Return Home

When Numbers Bleed, Freeze, Starve And Die On A Battlefield: The Dark Poetry Of Data

Friday, May 16, 2014 - 01:00 PM

Vasily Vereshchagin/Wikimedia Commons 

I once read that when Napoleon invaded Russia, he lost most of his army not to the horrible Russian winter, horrible though it was. No, says this legend, Napoleon's army suffered from "button failure." The company that provided the army with coats made the buttons out of tin. Tin buttons, in very cold weather, get brittle and break. Too many soldiers couldn't button their coats in subzero weather — so they died.

Roger Viollet Collection/Getty Images

This story, it turns out, probably isn't true (or, at least, is very, very improbable), but people keep telling it because it has obvious virtues: It's vivid, it's frightening, and it turns a very complicated, multilayered drama into a short folktale that's easy to tell. Like George Washington telling his dad, "I cannot tell a lie." (Which is a lie; he almost certainly never said that.) History is hard.

People like to embellish. We want to make the unknown knowable, even though we don't really know why things happen as they do. Even when we are in the story, making the choices that will become history, we wonder why, in a particular moment, we chose x over y, this way instead of that way? Why do some soldiers fight ferociously one day, then flee the next? In Tolstoy's War and Peace, his account of the Napoleonic invasion, all the players, high and low, end up inching their way blindly forward in the frightening cold. They once had grand plans, but now, swallowed by the battlefield, all they can do is try not to die. Death ("It") is always waiting.

And with doom so fickle, so close, Tolstoy writes:

"Nothing is without consequence, and nothing is important: It's all the same in the end. The thing to do is to save myself from it all as best I can, thought Pierre. Not to see IT, that terrible IT."

Blind, frightened, terrified — this is where war stories begin. Only later, when we can pull back, get a little distance (as Tolstoy did in his novel, as the great historians do), does the shape of the drama becomes visible. History is what our stories look like after they've been sorted. It's stories first, coherence later. But sometimes — very, very rarely — it can work the other way.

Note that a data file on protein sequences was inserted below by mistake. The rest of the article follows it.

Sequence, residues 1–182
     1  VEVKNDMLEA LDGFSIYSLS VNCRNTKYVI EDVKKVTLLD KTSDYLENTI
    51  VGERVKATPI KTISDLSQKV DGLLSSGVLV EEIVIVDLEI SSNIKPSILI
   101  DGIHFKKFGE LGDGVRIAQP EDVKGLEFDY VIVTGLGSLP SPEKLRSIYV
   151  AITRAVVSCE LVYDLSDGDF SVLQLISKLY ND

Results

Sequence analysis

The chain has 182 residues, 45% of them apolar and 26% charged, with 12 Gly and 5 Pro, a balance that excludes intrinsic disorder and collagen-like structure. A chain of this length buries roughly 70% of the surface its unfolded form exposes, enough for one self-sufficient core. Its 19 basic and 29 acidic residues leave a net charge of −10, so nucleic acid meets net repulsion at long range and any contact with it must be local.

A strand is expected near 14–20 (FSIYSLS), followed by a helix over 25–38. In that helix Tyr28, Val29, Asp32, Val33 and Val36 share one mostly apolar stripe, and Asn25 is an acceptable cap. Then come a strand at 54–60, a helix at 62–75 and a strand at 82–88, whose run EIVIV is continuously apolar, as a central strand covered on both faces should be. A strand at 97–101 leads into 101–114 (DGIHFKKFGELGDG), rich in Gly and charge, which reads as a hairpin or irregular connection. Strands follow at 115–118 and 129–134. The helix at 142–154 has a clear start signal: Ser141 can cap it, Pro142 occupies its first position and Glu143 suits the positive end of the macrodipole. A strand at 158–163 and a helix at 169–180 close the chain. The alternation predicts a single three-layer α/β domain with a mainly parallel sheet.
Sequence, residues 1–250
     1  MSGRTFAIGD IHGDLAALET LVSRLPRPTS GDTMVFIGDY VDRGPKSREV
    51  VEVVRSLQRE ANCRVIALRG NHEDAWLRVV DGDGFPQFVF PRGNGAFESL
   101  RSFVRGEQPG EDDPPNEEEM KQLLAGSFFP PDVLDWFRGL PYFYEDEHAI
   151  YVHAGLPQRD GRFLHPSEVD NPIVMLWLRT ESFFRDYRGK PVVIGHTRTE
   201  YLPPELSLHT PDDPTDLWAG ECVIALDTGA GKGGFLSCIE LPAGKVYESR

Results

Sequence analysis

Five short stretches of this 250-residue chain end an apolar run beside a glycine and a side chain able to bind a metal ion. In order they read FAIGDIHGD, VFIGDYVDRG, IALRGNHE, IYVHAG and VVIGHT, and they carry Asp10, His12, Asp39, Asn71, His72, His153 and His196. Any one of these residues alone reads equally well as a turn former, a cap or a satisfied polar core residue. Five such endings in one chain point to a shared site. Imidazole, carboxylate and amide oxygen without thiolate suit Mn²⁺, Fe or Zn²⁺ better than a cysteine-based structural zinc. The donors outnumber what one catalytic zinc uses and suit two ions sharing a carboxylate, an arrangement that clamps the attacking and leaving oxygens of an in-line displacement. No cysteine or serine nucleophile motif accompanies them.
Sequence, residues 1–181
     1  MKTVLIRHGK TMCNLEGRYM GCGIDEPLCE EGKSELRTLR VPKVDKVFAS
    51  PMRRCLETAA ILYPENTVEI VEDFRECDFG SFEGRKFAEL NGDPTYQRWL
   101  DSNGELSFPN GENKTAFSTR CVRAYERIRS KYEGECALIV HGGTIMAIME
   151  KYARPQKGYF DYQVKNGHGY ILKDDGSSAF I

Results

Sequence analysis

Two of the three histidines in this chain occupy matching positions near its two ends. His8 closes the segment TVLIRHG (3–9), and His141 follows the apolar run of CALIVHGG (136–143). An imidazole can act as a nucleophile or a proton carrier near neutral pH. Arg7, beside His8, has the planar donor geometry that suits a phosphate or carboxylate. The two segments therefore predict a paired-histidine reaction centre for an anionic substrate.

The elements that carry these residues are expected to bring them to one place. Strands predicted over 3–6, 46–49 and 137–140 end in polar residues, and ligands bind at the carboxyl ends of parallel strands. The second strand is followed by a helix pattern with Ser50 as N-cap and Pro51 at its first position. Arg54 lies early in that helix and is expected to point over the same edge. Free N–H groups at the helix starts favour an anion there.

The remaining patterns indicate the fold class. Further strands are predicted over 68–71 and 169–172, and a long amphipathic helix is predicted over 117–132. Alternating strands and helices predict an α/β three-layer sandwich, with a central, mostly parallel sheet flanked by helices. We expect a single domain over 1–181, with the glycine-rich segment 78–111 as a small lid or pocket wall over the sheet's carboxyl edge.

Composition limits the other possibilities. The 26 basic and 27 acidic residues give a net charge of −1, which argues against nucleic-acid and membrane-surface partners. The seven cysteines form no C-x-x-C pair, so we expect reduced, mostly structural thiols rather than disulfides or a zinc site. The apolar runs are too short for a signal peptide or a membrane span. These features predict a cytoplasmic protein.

Charles Minard, a French civil engineer, created what many consider the greatest infographic ever made. You probably know of it. It's also a description of Napoleon's invasion. It has no people in it. No pictures. Nothing personal. It's pure data, just an arrow running across a map and back again. But oh my, does it deliver. With nothing but numbers, it has the power of grand opera — there are blood, disease, hunger, cruelty, big and little mistakes, all sitting there on that map. I'd never read it so vividly on my own, but here, in the hands of James Grime, a mathematics professor at Cambridge University, it scorches. Who says data is dull?



James Grime is a mathematician and public speaker on behalf of the Millennium Mathematics Project from the University of CambridgeThis lecture appears on Brady Haran's Numberphile, a video blog channel that features mathematical subjectsWhen not conducting research, teaching students or talking to Numberphile, James Grime can be found at



More in:

Comments [4]

Brent from Vermont

Another interesting, and less apocryphal facet of the data revealed by this graph, and described in Richard Riehn's book, is that it was largely the Russian summer, rather than the Winter, that accounted for most of the attrition losses. By the time the Grande Armee arrived @ Borodino, over half the army had evaporated. The retreat the following winter simply scrubbed out the remnants of a shattered force. The Russians, by the way, fared little better.

Jun. 02 2014 02:28 PM
Janine Calvert from Haiku, Maui

Didn't history repeat itself when Adolf Hitler marched into Russia, with the same result? Has anyone tackeled that infographic? Why do men insist on going to war in the first place? Wouldn't it be easier if everyone simply practiced birth control?

May. 23 2014 02:05 PM
Rob Kosman from Boston

We need to give credit to Edward Tufte who has been spreading the gospel of good data display and infographics. I learned about this many years ago attending his seminar - and was so impressed I purchased my own copy at that time.

Nothing against James Grime, but I would hope that RadioLab gives credit to the one person who truly drove the field of data display and infographics - I'll never forget his delightful rants against bad data display and his use of the data:ink as a key metric for the quality of a data display.

May. 21 2014 10:47 PM
Andrew from Brooklyn, NY

Yes, this is an amazing piece of multi-dimensional data display, but I've become partial to this little piece of colored pencil-based graphic design done by a US Army bureaucrat back in 1943 that also shows the march of an army, though through an interesting proxy:

May. 21 2014 04:15 PM

Leave a Comment

Email addresses are required but never displayed.

Supported by